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I’ll admit it. I screamed.
I screamed loudly.
Not like a little girl though. I’m proud of that at least.
It was the deep, guttural scream of instinct that can only escape one’s lips when they believe they are about to be eaten by a wild bear.
A few months ago I emitted just that kind of scream…because I believed I was about to be eaten by a wild bear.
I was on mile three of a four mile run on the gravel road that runs into Cooper Gap when I plodded around the corner and nearly ran into the fuzzy embrace of a large black bear a few yards in front of me.
At the time I was training for a half marathon, puffing and panting and acting like bear bait on a nice run near the Appalachian Trail that would soon become a run of terror.
Before that moment, I had seen just one real live bear in the wild. It was on the other end of the large field next to our house. And it was so far away my cousin Anna and I had a hard time telling what it was.
“Is that a cow?” she said.
This bear was not a cow. And it was much much closer.
I’d say I about 30 feet away or so.
For those of you unfamiliar with such distances, think of your local Walmart.
If the bear and I had been in the cereal aisle, I would have been standing next to the Rice Krispies and he would have been picking out Golden Grahams.
If we were in the chip aisle I would have been shopping for Doritos and he would have been picking out a nice bag of pretzels
And so when I chugged around the corner and found myself so very close to the King of the Forest, I screamed.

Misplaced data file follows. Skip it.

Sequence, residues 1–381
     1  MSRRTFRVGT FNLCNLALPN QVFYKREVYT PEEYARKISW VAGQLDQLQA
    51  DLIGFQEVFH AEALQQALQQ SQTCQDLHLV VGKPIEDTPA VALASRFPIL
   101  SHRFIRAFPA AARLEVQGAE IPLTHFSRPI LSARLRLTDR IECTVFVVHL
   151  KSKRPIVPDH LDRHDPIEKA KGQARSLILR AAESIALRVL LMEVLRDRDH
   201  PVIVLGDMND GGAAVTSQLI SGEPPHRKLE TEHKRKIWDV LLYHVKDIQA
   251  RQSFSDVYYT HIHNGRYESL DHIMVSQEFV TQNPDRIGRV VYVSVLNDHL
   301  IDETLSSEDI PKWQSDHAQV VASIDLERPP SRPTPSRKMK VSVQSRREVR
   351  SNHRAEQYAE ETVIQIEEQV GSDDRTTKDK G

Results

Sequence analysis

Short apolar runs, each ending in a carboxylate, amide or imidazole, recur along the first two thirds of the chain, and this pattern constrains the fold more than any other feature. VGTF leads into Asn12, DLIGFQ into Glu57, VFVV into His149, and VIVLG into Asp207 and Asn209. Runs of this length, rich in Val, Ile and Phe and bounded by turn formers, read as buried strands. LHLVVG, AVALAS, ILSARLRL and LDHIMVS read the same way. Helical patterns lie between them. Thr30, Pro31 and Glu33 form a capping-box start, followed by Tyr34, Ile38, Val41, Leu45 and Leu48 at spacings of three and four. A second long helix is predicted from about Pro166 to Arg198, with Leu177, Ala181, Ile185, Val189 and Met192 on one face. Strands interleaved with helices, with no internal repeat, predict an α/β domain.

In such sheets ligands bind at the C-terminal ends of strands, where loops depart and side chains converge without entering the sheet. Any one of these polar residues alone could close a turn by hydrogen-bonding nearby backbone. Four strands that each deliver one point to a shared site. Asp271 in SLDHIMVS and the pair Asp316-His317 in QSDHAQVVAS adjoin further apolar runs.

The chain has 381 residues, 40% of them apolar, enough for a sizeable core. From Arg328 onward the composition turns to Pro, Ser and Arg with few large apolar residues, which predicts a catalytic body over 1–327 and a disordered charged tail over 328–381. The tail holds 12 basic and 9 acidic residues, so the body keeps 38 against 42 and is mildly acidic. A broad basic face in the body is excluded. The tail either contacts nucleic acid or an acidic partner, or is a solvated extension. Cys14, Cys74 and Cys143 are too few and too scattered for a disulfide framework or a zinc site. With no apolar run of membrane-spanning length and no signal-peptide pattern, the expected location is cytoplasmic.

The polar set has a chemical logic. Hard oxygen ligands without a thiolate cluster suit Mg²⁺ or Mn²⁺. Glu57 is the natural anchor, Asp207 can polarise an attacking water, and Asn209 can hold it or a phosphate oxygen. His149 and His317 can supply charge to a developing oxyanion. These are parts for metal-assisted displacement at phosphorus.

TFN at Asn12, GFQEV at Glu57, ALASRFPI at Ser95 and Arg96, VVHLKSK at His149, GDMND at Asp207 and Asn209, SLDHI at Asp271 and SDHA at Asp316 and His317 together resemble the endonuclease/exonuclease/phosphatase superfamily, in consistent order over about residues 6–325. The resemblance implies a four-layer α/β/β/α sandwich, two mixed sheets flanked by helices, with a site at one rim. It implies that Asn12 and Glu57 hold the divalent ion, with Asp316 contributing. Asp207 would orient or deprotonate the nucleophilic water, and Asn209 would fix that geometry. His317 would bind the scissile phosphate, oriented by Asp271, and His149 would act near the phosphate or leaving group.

I didn’t think: “Hey maybe I should scream,” before screaming. No. It was a reflexive bellow.
I have heard somewhere that this is exactly what you’re supposed to do when you come across a bear in the woods. This is convenient, because I would have done it anyway.
Bears don’t scream, but judging from the look on his face it was just as freaked out as I was.
At the very sight of me it turned and ran back into the woods. I stood there for a moment as I listened to it crashing through the forest.
Then I screamed again.
This one was a strategic scream. A warning scream that said ‘”Stay away bear! Stay away or I’ll scream again!”
Then I turned and ran.
My friend Nick is a bear alarmist.
He’s watched many bear attack specials, so when we go camping or hiking he’s always on high alert for a possible man eater.
I always try to quell his concerns by saying our local black bears aren’t the dangerous type. 
“Aw black bears are just like big squirrels,” I say.
And mostly this is true. They’re skittish. They live on a diet of mostly nuts and berries. And most importantly they scamper away at the first sign of humans. Just like a giant squirrel.
But it wasn’t until I was alone in the woods with a giant squirrel that I realized something: the very idea of a giant squirrel is terrifying.
The reason no one’s afraid of squirrels is because they’re not giant.
Bears are. 
And as I sprinted the last mile I let out intermittent shouts and screams just in case it was following me.
That was the good news. Prior to my bear run-in I was considering walking the last mile or so. After that I ran as though I was a galloping stallion. A terrified, whinnying stallion.
In fact, I haven’t been able to match that level of speed and endurance since then.
So, I suppose if that bear could just pop up periodically during my runs, I would soon be sprinting at near-cheetah like speeds.
Maybe I don’t need a personal trainer. I just need that bear.
Or possibly a large squirrel.

by Matt Aiken

The black bear photo for his story was provided by the folks at www.weforanimals.com.
Also a slightly different version of this column has been published by Matt’s daytime employers at The Nugget.

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